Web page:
Fighting to save culinary program, scholarships for L.A. high schools
Even though L.A. Unified isn’t renewing its contract with a program called C-CAP, or Careers through Culinary Arts Program, some high schools may continue the contracts on their own.
C-CAP offers teacher training, internships, scholarships and other services. It charges schools $3,500 if they have one teacher. A few weeks ago, it awarded nearly $600,000 in culinary scholarships to 34 L.A.-area high school seniors.
Mitzie Cutler, director of C-CAP in Los Angeles, says she sent information packets to all the principals in an effort to convince them the program is worth funding.
Andi Phillips, who teaches cooking at Marshall High, says her students plan to raise money with a cupcake auction. She’s also contacted the school’s alumni group in hopes of raising money.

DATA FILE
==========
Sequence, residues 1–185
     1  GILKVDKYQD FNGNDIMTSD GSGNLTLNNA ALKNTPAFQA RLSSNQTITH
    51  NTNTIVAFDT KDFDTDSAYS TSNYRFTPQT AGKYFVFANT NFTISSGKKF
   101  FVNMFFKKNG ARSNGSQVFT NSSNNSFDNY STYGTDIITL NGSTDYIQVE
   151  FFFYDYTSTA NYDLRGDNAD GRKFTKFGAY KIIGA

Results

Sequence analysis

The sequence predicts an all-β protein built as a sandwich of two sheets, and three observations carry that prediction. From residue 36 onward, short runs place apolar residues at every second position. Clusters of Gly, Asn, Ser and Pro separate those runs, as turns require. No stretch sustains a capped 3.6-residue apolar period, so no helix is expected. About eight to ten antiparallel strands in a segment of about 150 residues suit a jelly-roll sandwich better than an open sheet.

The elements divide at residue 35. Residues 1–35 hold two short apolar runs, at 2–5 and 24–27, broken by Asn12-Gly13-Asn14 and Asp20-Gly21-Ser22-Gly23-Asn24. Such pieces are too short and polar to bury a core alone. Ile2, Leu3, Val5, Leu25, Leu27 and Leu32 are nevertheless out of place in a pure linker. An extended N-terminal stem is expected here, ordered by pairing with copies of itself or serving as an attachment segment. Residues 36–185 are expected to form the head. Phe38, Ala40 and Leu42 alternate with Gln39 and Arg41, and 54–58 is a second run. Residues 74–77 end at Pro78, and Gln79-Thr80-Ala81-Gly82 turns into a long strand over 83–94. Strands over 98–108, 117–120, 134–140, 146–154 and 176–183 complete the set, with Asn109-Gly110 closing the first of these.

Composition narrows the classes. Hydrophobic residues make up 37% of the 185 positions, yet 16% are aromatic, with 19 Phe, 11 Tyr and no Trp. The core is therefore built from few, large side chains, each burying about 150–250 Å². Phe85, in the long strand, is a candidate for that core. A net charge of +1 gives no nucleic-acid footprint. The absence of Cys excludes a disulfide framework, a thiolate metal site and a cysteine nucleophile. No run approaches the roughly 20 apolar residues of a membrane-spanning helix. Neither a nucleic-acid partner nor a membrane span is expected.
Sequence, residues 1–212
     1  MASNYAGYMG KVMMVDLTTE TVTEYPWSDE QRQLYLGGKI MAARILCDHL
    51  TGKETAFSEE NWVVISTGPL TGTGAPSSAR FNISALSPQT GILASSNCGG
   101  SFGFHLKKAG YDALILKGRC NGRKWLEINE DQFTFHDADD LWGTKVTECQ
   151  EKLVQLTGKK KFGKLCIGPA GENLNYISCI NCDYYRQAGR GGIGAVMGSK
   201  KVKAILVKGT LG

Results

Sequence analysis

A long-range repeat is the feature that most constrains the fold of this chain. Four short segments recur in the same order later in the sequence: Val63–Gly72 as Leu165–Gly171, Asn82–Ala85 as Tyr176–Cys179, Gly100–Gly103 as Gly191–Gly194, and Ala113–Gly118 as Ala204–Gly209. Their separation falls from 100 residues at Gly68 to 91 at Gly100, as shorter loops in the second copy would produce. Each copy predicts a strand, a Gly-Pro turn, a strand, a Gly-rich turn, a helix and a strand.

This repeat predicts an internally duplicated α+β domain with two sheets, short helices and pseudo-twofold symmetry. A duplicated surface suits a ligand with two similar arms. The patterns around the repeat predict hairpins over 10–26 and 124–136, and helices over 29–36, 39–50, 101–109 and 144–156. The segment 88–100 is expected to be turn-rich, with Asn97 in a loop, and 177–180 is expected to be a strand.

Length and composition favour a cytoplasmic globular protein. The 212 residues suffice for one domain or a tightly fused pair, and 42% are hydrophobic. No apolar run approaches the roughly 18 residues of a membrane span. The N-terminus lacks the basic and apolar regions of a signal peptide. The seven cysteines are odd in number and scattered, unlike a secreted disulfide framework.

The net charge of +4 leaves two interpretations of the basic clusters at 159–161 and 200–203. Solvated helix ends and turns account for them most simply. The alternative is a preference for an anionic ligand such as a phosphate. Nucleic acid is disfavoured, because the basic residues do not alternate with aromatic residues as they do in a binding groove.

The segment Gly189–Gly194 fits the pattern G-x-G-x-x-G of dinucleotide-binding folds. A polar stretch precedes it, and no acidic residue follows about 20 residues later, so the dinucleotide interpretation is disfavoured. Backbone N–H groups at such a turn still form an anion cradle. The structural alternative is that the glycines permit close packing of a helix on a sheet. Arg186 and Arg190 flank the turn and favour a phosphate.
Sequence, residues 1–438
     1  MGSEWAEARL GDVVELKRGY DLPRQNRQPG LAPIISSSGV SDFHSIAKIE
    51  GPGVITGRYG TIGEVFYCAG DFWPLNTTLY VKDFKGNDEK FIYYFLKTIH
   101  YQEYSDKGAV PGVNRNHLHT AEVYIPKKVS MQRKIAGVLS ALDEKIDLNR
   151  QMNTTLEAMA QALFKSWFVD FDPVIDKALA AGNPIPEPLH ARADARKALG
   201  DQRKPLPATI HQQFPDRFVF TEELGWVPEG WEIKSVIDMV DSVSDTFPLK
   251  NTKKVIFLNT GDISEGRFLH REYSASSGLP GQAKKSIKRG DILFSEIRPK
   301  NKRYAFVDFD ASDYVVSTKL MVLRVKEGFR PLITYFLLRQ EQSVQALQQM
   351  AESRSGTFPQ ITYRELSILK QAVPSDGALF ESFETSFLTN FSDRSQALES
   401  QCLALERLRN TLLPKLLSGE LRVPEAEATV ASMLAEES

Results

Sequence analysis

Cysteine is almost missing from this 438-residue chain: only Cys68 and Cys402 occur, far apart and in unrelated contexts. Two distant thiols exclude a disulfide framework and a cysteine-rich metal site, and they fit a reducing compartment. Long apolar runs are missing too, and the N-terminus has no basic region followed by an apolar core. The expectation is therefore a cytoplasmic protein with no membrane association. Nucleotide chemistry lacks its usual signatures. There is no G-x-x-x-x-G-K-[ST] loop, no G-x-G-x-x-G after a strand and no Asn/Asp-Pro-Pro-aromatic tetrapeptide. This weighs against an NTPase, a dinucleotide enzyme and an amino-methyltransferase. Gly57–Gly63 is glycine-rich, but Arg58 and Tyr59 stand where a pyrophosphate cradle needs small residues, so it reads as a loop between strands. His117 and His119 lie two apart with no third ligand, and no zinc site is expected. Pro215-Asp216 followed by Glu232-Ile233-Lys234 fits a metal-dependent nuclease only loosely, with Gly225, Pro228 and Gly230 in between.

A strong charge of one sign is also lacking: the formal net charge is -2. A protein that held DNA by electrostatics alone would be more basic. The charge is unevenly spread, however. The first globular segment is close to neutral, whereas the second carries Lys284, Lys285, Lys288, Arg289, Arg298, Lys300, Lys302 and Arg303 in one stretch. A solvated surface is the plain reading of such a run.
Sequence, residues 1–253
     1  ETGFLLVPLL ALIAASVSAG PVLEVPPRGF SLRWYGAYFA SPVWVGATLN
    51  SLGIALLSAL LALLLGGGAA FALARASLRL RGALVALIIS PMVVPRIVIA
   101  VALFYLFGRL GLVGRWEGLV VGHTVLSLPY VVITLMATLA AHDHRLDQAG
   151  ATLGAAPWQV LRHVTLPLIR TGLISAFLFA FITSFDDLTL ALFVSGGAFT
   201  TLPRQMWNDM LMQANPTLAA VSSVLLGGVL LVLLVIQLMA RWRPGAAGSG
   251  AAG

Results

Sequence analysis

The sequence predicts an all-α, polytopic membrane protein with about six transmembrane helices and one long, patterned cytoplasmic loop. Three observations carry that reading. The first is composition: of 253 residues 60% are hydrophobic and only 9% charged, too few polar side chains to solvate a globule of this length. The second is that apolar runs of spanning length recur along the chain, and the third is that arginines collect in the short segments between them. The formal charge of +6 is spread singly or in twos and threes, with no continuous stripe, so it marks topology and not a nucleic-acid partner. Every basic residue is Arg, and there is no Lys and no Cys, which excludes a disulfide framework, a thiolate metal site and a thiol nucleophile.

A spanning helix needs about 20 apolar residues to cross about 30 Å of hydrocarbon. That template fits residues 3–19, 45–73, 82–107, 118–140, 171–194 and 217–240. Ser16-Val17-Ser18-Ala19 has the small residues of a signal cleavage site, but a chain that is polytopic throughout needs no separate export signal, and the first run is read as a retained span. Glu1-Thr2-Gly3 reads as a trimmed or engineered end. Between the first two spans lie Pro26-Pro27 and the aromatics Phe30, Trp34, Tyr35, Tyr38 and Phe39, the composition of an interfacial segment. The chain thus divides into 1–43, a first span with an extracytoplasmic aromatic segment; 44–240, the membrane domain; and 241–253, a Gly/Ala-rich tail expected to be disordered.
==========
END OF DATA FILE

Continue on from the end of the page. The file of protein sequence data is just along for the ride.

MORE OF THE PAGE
At Roosevelt High, however, the culinary program closed this spring. Roosevelt, one of the schools in the mayor’s partnership program, is converting from a year-round to a traditional calendar. The culinary program was cut for budget reasons, says Nadia Gonzalez, a spokeswoman for the mayor’s program.
The teacher in the program, Patricia Farley Terry, says her students are upset and disappointed. She has 26 years of experience at Roosevelt, and won’t be unemployed, but she will have to teach another subject, either at Roosevelt or elsewhere.
-- Mary MacVean
Photo: Ariel Rogers, from Manual Arts High School, won one of the top scholarships earlier this month. Photo credit: Axel Koester / Los Angeles Times)